Inflation makes the risk of recession greater. Yet, the medicine the Fed wants to apply - ever higher rates - may have painfully little impact on inflation. Global markets keenly await what comes next.
- The sharpest
about facein Fed policy in modern history has propelled a record large combined drop in equities and fixed income, with both US stocks (as measured by the S&P 500) and long-term US Treasuries falling more than 10% in the last six months for the first time ever. The forward returns for the 10-year US Treasury note were higher after all five periods when both stocks and bonds fell together. The returns for US equities were higher in only three of the five. This is why we believe
Bonds are Back.
- With the economy facing supply shortages, a recession will not bring the war in Ukraine to a more rapid conclusion, nor the end of the pandemic. We fear that the Fed’s medicine, applied too quickly, may engender a hard landing for the economy, while not lowering inflation that quickly.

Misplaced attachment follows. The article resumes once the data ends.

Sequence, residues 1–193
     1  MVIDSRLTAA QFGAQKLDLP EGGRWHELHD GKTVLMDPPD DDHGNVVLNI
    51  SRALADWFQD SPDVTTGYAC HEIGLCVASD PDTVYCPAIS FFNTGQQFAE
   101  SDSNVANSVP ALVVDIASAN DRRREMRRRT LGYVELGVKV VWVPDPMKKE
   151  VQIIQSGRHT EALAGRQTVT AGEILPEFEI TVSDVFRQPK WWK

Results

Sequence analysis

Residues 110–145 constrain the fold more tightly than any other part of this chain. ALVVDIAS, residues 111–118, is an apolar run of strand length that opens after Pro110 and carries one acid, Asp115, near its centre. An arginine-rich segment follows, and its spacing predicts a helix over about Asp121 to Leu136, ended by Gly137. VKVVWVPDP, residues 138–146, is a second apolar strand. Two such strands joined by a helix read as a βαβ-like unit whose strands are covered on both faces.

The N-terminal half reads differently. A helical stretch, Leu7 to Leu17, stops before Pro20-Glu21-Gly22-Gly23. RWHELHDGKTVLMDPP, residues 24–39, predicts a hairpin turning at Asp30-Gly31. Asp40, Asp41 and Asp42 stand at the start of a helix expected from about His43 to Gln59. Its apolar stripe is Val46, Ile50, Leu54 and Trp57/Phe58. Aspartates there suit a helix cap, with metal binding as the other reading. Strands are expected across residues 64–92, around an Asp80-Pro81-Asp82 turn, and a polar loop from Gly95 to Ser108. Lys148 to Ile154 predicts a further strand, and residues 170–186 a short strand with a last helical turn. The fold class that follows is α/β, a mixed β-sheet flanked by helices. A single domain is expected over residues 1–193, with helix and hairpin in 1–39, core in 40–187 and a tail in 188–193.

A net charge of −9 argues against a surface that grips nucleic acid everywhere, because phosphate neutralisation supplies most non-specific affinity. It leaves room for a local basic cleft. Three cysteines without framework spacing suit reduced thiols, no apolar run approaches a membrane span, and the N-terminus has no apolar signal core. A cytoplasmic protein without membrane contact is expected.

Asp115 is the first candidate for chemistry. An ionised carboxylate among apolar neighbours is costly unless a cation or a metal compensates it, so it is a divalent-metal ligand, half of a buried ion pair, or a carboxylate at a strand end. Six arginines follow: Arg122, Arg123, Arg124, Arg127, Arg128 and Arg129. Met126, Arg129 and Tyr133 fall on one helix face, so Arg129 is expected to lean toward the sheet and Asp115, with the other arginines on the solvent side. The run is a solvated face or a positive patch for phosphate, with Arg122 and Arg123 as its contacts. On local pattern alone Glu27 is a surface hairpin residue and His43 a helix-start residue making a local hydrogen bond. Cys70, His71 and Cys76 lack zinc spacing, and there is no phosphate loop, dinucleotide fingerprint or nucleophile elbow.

- With corporate profitability far above trend – EPS gained 47% last year – profits are vulnerable to retrenchment. A drop in profits in 2023 has become more likely. This fear of a decline in corporate profits is one factor driving the sharp decline in equities. This is why we are not inclined to relax our defensive bias in equity markets now. We are overweight essentials such as pharmaceuticals and cyber-security providers.
- We also believe that growth equities in essential, durable demand areas will eventually feel relief from valuation pressures as government bond yields peak. Innovation is continuous while markets have notable periods of euphoria and panic.
- Though the Fed cannot control the speed that inflation will fall, the Fed will determine the rate at which the economy will slow. While we are hopeful they will use forward looking analysis to determine their interventions, markets are watching closely to see if the fight against inflation is going to be harsh or more thoughtfully engineered.